Would you agree that the GCC construction sector is still male-dominated, but diversity is beginning to increase? If so, comment on what is driving this and how you see the GCC markets changing in the coming years.

Yes, diversity is beginning to increase. This region is growing at a fast pace and finding skilled construction employees is a challenge throughout the Gulf, and so efforts to harness the best talent must target both genders equally. Diversity widens the pool for resources – the industry is now acknowledging this slowly but steadily.

Also, girls and boys are getting educated on par in diverse fields, which helps reduce the gender disparity as boys see girls as equals. This allows a healthier and fair respect of both the genders. Old-school thought processes, which were predominant in the earlier days, are now giving way to a fair and equal work culture. In the coming years we will see an influx of capable professionals who will enter the industry with less gender stereotypes. Additionally, there has been a marked improvement in the construction industry that has allowed better and safer working conditions. This has and can encourage females to enter the industry.

Everyone has a part to play in diversity and equal pay. What would you like to see government authorities and construction firms do to increase diversity and make pay a level playing field?

I believe work and pay should be based on capability, not gender or nationality. Pay should be in accordance to the work done, regardless of whether that person is male or female. It is also imperative that the authorities and construction firms have a standard pay scale applicable to the role. Roles and responsibilities, not gender, should define pay. 

Besides authorities and construction firms, who else can play a part in increasing diversity and balancing pay scales? 

Educating people at the grassroots on equality and fairness can ensure increasing diversity and balanced pay scales within the workplace in the future. Empowering the girl child in her growing years will help overcome inhibitions and allow more confident females to enter the industry, which so far has been largely male-dominated.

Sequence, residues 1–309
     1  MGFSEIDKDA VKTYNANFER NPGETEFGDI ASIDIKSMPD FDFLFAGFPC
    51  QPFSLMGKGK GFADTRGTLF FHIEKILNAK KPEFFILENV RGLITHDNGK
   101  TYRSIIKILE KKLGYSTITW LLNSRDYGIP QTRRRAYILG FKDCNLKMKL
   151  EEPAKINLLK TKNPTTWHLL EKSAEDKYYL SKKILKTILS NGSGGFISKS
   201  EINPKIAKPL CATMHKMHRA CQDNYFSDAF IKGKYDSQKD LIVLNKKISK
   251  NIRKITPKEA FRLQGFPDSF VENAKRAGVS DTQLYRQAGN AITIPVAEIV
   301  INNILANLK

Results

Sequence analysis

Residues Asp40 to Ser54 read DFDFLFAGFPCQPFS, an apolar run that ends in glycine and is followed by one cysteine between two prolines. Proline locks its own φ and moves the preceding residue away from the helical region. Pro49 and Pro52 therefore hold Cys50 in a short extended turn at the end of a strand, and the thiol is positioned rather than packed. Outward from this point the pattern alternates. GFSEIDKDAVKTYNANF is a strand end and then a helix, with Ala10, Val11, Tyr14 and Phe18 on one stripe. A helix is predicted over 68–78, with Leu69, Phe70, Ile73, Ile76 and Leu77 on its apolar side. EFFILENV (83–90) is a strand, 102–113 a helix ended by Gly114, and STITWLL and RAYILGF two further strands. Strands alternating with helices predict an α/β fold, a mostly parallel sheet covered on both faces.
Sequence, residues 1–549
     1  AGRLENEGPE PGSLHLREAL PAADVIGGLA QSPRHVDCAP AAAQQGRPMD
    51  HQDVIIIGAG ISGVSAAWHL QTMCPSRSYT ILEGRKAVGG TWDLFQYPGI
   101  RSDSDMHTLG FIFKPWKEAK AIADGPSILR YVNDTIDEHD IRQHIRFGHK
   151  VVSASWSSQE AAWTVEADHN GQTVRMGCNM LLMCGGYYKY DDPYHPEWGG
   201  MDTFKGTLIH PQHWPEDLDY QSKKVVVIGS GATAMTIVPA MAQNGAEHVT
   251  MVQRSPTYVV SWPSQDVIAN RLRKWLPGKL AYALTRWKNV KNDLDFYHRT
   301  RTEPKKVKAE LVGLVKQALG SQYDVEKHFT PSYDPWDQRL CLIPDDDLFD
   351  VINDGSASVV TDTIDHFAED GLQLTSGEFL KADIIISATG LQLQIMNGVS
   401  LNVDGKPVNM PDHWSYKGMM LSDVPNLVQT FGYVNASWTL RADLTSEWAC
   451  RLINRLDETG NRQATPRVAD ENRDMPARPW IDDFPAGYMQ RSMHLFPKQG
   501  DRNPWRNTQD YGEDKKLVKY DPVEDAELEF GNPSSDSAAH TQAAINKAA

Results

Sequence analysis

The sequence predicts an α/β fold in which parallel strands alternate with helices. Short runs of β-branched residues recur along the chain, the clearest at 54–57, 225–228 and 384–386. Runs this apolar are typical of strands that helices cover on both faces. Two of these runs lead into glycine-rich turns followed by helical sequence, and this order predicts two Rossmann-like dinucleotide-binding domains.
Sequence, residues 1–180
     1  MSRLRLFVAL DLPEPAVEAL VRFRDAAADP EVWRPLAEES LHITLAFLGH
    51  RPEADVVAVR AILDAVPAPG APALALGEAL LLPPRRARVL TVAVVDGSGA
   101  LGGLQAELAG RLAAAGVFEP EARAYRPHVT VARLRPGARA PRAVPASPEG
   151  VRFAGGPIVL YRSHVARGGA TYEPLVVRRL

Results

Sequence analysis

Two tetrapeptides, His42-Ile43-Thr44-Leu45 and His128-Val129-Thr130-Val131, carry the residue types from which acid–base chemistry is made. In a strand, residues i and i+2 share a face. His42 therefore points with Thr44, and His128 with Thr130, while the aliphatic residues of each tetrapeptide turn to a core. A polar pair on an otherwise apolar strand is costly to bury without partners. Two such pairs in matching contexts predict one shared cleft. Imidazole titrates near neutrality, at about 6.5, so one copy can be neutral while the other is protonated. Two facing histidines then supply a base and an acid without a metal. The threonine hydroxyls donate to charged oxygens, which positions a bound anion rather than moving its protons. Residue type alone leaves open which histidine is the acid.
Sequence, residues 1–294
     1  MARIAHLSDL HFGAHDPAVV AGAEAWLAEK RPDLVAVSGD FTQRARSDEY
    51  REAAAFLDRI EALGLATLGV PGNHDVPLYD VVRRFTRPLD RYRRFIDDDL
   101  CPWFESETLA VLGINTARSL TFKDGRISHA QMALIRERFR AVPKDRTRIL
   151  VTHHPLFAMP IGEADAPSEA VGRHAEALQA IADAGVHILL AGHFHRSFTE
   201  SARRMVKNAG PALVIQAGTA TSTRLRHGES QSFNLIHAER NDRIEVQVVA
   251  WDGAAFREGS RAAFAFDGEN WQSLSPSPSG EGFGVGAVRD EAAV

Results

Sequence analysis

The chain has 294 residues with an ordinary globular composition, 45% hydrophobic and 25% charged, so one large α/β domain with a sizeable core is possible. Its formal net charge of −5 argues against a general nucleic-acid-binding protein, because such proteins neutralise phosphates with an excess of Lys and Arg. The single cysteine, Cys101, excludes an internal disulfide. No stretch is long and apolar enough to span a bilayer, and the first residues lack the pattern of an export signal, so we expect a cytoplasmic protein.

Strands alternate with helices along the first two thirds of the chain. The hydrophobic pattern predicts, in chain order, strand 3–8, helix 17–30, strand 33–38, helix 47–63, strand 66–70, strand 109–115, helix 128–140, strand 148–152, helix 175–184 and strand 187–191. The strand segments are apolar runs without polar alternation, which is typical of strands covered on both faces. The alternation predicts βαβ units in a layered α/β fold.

As a woman in the industry, what has your experience been working in the GCC construction sector? If you have worked in markets outside the GCC, how does your experience here compare with what you’ve experienced and observed in other markets?

The GCC construction sector is certainly demanding and competitive, due to the number of new projects. It is also one of the most globally diverse sectors due to its large expatriate population. The growth that you can experience in such a diverse environment is phenomenal. Thanks to its multicultural society, this region is not pigeonholed or set in its ways, it embraces the best of different working cultures. The exposure to different design styles and approaches to construction makes it work very well.

In your opinion, what is the biggest challenge women in the construction sector face in GCC countries? How can these challenges be addressed?

This region is a melting pot of work cultures, and quite often preferences in hiring and employment relations at the firm reproduce and replicate patriarchal systems from other countries, which often excludes women. Some of the biggest challenges women can face in this industry are perceptions of female stereotypes, pay scale disparity and other related gender biases. And while there is a marked improvement, there is still room for things to get better.

Balancing family and work commitments for many women is challenging, as is the return to work after maternity leave. A work culture that embraces performance-based achievements and not present-ism in office can help in overcoming these challenges. Of course, being present at meetings and other essential requirements of the role have to be fulfilled. Productivity is essential in all scenarios.

Do you feel there’s a limit to how far you can progress within GAJ?

No, I do not think there is a limit here. GAJ has been very encouraging of professionals of both genders.

How does GAJ approach diversity in the workplace? What more can your company do to increase diversity?

It is very well balanced in GAJ. When it comes to work here, gender bias doesn’t hold ground, and most importantly shouldn’t.

How do you personally push for diversity and equal pay in the construction sector? Are you involved in any groups/councils etc that focus on increasing diversity and equal pay?

I am currently not involved in any group or council, but I strongly support and advocate for equal pay and diversity. I have consistently encouraged and mentored female employees in my CAD teams to go beyond their roles and grow.

What advice would you give to a woman entering the GCC construction industry today?

Go for it! Hold your head high and have faith in your capabilities. Intelligence and hard work always count and make an impact.

To support the drive towards gender balance in the industry, Middle East Consultant and are highlighting female construction professionals in a series of profiles. By telling their stories and sharing their experiences on our print and digital platforms, we hope to inspire more women to join this vibrant industry.